The problem did not pose a threat to the final goal of the design initially, as I assumed it simply steer the wheels whenever the robot moves. Until I discover later on that since the wheels aren’t rolling in the right polarity, when the robot encounters an object, it actually steps forward instead of backward because that’s where the wheels take it to as it tries to move backward.


  1. Focus on fixing the polarity so the bot moves in a straight line at all time
  2. Mix up the code until the bot moves in a way that doesn’t go against the sensor, which is the main function. (went with 2)

void motorAForward()


digitalWrite(in1, LOW);//default high

digitalWrite(in2, HIGH);//default low


void motorABackward()


digitalWrite(in1, HIGH);//default low

digitalWrite(in2, LOW);//default high


This makes the bot goes forward AND back off at objects, the only flaw is that it runs in circle instead of forward.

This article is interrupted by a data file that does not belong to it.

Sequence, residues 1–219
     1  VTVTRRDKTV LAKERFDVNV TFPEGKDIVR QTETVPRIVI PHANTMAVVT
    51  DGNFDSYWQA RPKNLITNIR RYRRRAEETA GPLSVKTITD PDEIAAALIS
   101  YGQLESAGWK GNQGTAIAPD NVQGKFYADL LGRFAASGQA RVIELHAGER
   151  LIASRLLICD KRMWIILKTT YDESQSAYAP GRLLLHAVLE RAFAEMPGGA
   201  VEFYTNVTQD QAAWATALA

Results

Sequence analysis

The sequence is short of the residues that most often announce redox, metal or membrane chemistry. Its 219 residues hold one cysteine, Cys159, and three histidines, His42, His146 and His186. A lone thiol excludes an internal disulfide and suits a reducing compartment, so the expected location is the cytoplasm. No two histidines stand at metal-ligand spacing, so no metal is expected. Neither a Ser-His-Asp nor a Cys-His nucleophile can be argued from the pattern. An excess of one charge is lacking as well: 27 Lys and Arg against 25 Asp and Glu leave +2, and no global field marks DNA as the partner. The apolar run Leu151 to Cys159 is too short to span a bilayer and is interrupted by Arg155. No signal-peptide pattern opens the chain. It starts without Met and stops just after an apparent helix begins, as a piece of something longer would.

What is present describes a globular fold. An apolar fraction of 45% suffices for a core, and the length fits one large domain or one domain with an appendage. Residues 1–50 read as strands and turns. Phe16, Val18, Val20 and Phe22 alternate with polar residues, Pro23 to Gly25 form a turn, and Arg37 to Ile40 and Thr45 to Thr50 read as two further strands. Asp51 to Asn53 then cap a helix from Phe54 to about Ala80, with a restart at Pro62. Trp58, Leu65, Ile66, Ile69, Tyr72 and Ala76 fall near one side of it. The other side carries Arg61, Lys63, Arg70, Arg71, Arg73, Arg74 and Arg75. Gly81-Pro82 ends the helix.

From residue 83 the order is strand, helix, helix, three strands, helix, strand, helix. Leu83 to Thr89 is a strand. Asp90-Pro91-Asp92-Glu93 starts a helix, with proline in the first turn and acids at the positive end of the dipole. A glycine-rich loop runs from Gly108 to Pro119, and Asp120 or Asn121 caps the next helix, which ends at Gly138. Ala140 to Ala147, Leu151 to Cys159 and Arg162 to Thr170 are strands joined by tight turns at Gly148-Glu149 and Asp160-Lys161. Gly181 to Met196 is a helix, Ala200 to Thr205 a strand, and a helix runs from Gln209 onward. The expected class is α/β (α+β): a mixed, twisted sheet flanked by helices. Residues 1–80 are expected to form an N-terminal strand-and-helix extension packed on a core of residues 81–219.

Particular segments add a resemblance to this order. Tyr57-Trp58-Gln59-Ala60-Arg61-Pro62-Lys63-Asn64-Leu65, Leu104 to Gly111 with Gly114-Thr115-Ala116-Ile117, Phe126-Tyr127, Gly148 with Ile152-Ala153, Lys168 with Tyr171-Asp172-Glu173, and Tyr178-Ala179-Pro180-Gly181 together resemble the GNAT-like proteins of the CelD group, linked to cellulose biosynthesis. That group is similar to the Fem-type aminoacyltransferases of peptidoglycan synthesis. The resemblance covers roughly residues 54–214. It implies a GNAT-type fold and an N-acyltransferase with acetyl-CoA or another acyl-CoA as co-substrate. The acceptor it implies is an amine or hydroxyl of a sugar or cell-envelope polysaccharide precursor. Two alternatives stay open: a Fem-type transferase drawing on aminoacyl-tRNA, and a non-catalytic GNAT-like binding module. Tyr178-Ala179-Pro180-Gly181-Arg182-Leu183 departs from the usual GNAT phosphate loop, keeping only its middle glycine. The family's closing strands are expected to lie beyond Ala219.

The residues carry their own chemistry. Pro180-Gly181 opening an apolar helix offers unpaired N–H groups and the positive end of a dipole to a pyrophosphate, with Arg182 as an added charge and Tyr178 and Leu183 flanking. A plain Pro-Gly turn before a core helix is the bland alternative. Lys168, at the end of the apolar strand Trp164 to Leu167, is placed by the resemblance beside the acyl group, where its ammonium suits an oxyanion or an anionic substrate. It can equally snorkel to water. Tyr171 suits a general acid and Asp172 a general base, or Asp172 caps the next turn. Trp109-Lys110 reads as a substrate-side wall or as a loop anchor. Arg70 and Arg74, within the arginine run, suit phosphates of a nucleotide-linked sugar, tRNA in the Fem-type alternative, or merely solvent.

Problem 3: The robot struggle to run on solid ground.

After the final assembly of the cap and the ultrasonic sensor (a sensor that perceive sounds as numbers which it sends back to the arduino to perform its logic), I let it run on the ground and the robot could only nudge ahead, as if out of battery. However, when lifted in the air or held on my hand, the wheels could turn with full throttle. This suggested 6 things:

  1. The cap placed on top of the robot was too heavy, it needed to go away (tested, wasn’t the cap’s fault)
  2. The contradicting polarity of the wheels is what causing it to stand in one place, therefore back motors needed to be swapped and the wheels switch side. However that would go against the schematics and the motor wires weren’t cut long enough to reach the output ports of the motor driver if they were flipped outside 
  3. The 9v battery went down to 8v, unable to support all motors which each consumes 3v.

Proceed with 3